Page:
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atlanta watershed

Alison Guillory / WABE

Proctor Creek has been a problem for residents of 35 northwest Atlanta neighborhoods for a long time. It’s polluted. It floods.

That’s changing, though. 

Billions of dollars' worth of upgrades to the city's sewer system and plans for a series of parks address the long-running issues with the creek. 

Al Such / WABE

There's a drill digging a tunnel deep under Atlanta. It cuts through granite six nights a week, all night long, 300 to 400 feet below the ground.

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Eventually, it will connect Bellwood Quarry – recognizable, perhaps, from scenes in the Hunger Games, Walking Dead and Stranger Things – to the Chattahoochee River.

Now, the bottom of the quarry, where the tunnel starts, is a construction site.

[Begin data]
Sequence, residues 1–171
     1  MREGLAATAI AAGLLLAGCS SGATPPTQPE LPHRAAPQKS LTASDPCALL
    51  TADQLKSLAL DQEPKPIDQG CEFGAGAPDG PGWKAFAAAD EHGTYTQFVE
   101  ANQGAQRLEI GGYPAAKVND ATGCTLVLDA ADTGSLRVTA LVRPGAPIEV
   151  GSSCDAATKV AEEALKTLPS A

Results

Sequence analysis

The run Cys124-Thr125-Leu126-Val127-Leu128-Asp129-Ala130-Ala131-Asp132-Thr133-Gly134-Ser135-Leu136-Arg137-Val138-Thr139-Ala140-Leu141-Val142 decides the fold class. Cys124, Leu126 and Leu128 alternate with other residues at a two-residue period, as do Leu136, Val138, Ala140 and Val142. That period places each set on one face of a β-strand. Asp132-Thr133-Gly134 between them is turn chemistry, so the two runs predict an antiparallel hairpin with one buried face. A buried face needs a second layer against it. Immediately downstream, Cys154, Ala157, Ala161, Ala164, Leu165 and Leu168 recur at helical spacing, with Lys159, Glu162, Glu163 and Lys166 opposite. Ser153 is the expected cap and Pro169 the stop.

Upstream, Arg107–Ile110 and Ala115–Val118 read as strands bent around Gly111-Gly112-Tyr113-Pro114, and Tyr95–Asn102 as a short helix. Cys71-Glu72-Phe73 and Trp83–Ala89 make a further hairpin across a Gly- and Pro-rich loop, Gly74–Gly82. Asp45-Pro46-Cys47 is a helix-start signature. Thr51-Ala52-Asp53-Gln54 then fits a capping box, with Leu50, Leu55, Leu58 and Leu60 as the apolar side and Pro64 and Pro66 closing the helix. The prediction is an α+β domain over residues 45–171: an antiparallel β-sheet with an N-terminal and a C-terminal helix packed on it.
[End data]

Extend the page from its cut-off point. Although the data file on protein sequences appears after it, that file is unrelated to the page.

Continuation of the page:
Steve Johnson / flickr.com/SteveJohnson (cropped)

Many residents in the metro Atlanta area are being advised to boil their water Sunday before using it to cook, drink or brush their teeth.

A power outage shut down two pumping stations and triggered a temporary loss of pressure in the drinking water system after Saturday night’s storms, according to the city of Atlanta's Department of Watershed Management.

Lisa Hagen / WABE

The city of Atlanta is moving forward with plans to build a pond and improve Mims Park in Vine City.

It's an early step in a $50 million plan meant to revitalize an area that's been plagued by crime and blight, but some residents worry the improvements could mean getting priced out, down the line.

On Thursday, the city’s watershed department updated residents on design plans for a pond in Mims Park. They asked residents to pin suggestions to a clothesline they'd set up.

Courtesy of Atlanta Memorial Park Conservancy

The Atlanta City Council was scheduled Friday to hear plans to address the sewage bubbling up in Atlanta Memorial Park in Buckhead. But discussion of the Atlanta Department of Watershed Management's short term and long term solutions was pushed back to a work session next week. 

“So does that mean we won’t hear any report today? Just nothing?” said Atlanta City Councilman Andre Dickens, who, like some Buckhead residents, was expecting to hear the issue addressed.